Coming into the game, there was much talk of the Warriors attempt to deceive the public about Andrew Bogut’s injuries, his surgeries, and his timetable for recover. It had been found out that the procedure performed on the Australian center’s ankle was not the simple clean-it-out orthoscopic operation most believed it was. Instead, the big man was said to have received a micro-fracture surgery in his ankle, making it clear why he was not prepared to play to start the season. The timetable for recovery is significantly longer. Bogut’s statement to the media about it included these gems like “We’re not trying to deceive anyone, anymore,” and told of how the front office had asked him not to talk about the surgery.
But tonight, the focus was back on the court, where Bogut was not. In the game against the Nuggets, the Warriors trailed by as much as 16 before making a late 2nd half run that saw them retake the lead mid-way through the 4th quarter. Led by David Lee’s 31 points, the Warriors battled back and forth with the Nuggets to the end, when the game began taking some crazy turns.
Up 106-103 with a little less than 10 seconds remaining, the Nuggets brought the ball up court and passed to Andre Iguodala who was immediately fouled by Jarrett Jack to try to prevent the tying 3-point shot attempt. Instead, the official nearest the play ruled that Iguodala was in shooting motion before the foul and awarded the Nuggets 3 shots from the line for the potential tie. With 3.4 seconds remaining, the Denver wing sank the first 2 before missing the 3rd badly. The rebound ricocheted off of Draymond’s green hand in a 3-man scrum between he, David Lee, and Nugget forward Kenneth Faried.
So with 2.1 seconds left, the Nuggets had the ball again, this time down just 1 point 106-105. On the ensuing in-bounds play, the ball was lofted into the air near the rim for 5’10” Denver point guard Ty Lawson, who never jumped, and tried to collect the alley-oop pass off the bounce. The ball again went out of bounds, this time said to have gone off Warriors point guard Stephen Curry. In the replay, now being used for the 3rd time in less than 5 seconds, the ball as seen to be going off Lawson. It also showed an uncalled potential foul on Curry that might have impeded the catch. Again, with some question, the ball was awarded to the Nuggets with .5 seconds remaining.
At this point the Warriors’ home crowd and even a few players were taking their frustrations out on the referees. On the in-bounds, it was Iguodala again getting the ball, this time a 3 for the win. Though the release looked late, the nearby official counted the attempt. The ball went in, and the game was over. The Nuggets had won. But again, replay was used, and this time, it came out in the Warriors favor. Instead of a 108-106 Nugget victory, Golden State held on to win 106-105.
It wasn’t pretty, and at times the Warriors looked pitiful on defense. They struggled for much of the game. But somehow, the Warriors had pulled out a come-from-behind win to regain first place in the Pacific division. Now 15 games into the season, the Warriors are 9-6, owning a tiebreaker over the Clippers (also 9-6) and a 2 game lead over the Pacific Division favorite Lakers. They haven’t been in this position since the introduction of a third division.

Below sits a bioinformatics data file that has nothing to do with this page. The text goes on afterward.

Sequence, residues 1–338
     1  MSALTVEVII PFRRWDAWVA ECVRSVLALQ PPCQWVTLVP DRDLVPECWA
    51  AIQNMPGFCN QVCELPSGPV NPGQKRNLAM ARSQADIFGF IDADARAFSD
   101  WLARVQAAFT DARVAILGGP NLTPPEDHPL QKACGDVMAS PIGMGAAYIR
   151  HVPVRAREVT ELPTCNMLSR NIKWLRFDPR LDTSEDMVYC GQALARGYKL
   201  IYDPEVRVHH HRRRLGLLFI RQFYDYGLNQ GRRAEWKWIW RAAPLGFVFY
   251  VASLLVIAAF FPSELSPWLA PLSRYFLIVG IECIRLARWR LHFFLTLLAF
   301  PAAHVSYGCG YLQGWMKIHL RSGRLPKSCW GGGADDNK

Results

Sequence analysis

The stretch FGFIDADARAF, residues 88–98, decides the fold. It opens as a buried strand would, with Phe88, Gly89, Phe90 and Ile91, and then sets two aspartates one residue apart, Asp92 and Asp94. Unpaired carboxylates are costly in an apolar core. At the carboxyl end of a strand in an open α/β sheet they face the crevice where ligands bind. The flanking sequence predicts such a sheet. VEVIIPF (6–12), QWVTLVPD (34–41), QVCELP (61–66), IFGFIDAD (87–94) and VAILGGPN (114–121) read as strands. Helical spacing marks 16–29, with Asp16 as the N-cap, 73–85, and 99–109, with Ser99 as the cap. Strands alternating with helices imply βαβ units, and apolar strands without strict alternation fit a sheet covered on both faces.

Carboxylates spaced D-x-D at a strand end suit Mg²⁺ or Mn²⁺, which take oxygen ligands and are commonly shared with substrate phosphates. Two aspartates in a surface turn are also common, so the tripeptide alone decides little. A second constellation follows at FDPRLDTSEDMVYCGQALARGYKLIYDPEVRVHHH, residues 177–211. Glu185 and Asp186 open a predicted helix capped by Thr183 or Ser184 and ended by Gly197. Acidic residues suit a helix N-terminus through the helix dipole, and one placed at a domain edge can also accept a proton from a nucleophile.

How are they doing it? With a team supposedly built around offense and shooters, the Warriors are winning games with their defense and rebounding. They’re in the bottom half of the league in scoring efficiency, and in the top half defensively. Top 5 in rebounding. They’re 8th worst in 3-point percentage. All of this, without Bogut, who might not play for 3 more months, perhaps longer.
They’re playing defense as a team, and “gang rebounding,” as Mark Jackson described tonight after the win. It’s a far cry from the Warriors teams that did neither of those things for the better part of 2 decades. And as slow to jump the bandwagon as I’ve been, it’s fun to watch. Because winning is fun. The start of this season has been marked by insiders, critics, and beat-writers trying to figure out what the offensive identity of this team is. It’s been difficult, and still is. Perhaps it’s because this isn’t an offensive team.
Not yet, at least. Clearly, they’ve outlasted opponents more with defense than scoring. Maybe that changes, but maybe it doesn’t. So far this season, the Warriors look like what Mark Jackson has wanted them to become since his first press conference. A defensive-minded team. If the offense ever comes around to look like something Warrior fans are used to, this Warrior team could be legitimate threats to crash the playoff party not only as an 8 seed, but as high as 5 or 6.
It’s early, and by no means is this proof that the Warriors are good enough to win the Pacific Division. But they’re certainly raising expectations with each win, Bogut or not Bogut. It will be interesting to see how they fair on their upcoming road trip. A 7 game long tour of the Eastern Conference, it could certainly bring fans and players back down to Earth. But while including trips to Brooklyn and Miami, it also features games against Charlotte, Detroit, Orlando and Washington, all likely to be under .500. Of the 3 teams over .500? The Warriors have already beaten 3 of them, the Nets and Atlanta Hawks. Playing on the road is tougher, and especially, the Brooklyn and Miami crowds will greet the Warriors none too kindly. But 2 games from now, they begin a trip that will likely define their season. Was the good start real? Or are the Warriors simply doing a great job treading water with Bogut out?